Workers ‘are losing out on £200 a year in pay’ thanks to employers’ struggles to fund pension deficits
Workers are losing out on an average £200 a year in pay because their employers are struggling to fund growing pension deficits, a think-tank claimed today.
The Resolution Foundation says that employees are paying the bill as companies look to plug historic gaps in final salary – or ‘defined benefit’ – pension funds.
Its report argues that increased deficit payments have taken £2billion out of companies’ pay chests. This limitation on pay is worth £200 a year on average to workers in firms with defined benefit pension deficits.
Lost pay: The cost of keeping defined benefit pension schemes is costing the average worker £200 a year
Poor investment returns, falling interest rates and longer life expectancy have considerably increased defined benefit deficits since 2000.
The report highlights that UK companies assigned approximately £24billion to ‘special’ deficit-funding pension payments last year – £19billion more than would have been the case had pre-2000 levels of deficits continued to prevail.
The Resolution Foundation said that the presence of such sizeable defined benefit deficit payments has important implications across generations, with older workers and those already in retirement standing to gain most from the plugging of gaps.
Forty per cent are retired and fewer than 2 per cent are aged under-30 and still contributing out of the 10.9 million members of defined benefit schemes in the UK.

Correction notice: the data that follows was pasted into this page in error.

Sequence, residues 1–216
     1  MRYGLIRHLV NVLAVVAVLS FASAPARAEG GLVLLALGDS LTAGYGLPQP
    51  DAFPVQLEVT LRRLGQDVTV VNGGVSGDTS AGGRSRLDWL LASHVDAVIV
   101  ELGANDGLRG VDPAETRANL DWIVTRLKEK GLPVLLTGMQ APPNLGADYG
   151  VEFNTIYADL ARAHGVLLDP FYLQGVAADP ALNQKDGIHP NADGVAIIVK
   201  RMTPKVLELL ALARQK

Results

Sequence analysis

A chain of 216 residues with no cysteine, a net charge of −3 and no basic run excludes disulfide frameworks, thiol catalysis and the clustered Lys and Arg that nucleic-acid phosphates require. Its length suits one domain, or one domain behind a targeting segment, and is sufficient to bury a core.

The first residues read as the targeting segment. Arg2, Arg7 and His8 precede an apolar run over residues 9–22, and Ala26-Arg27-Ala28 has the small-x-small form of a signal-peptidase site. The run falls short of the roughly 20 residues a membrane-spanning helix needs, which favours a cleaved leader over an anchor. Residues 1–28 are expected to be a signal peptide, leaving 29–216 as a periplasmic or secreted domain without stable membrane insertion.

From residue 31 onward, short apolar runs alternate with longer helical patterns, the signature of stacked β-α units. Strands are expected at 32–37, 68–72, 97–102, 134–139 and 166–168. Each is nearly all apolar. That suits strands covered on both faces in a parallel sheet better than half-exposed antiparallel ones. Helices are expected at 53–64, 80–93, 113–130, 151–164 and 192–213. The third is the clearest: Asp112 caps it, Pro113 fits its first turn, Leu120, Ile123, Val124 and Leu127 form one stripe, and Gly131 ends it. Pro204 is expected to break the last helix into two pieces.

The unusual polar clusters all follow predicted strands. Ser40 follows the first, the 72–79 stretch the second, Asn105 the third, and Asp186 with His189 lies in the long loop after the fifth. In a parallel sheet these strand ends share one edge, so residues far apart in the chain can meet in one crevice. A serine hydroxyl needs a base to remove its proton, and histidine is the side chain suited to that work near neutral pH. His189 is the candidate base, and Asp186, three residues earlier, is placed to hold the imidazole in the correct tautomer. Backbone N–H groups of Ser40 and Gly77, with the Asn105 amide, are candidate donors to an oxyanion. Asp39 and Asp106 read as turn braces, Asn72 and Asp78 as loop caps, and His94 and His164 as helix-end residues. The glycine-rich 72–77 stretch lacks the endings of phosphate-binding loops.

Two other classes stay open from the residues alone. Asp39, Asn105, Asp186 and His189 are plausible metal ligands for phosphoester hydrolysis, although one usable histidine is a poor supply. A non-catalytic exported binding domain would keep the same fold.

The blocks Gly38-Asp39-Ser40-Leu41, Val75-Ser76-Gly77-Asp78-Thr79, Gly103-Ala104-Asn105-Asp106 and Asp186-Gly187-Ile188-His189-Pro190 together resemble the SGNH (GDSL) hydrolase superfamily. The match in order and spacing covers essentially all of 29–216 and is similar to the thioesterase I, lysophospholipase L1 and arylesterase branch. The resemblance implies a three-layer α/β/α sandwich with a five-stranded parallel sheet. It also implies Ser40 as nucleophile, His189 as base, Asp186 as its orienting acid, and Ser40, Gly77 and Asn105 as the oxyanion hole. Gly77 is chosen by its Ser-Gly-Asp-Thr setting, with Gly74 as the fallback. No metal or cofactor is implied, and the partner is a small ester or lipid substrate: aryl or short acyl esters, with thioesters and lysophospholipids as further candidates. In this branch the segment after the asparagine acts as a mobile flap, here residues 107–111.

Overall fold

A chief economist at the Resolution Foundation, Matt Whittaker, said, ‘Pay growth has under-performed in the UK for well over a decade.
‘While the financial crisis fall-out and recent combination of rising inflation and productivity stagnation have had the biggest effects, wages actually started to flat-line before the crash hit.
‘Understanding what contributed to the pre-crisis slowdown in pay growth is vital to determining what might come next.
‘Our research shows for the first time that there is indeed a link between rising pension deficit payments since the turn of the century and reduced pay.
‘With average earnings still £16 a week below their pre-crisis peak and prospects for a return to strong pay growth looking shaky; it’s important that younger and low paid workers don’t take a hit to their pay because of deficit payments to pension schemes that they’re not even entitled to.’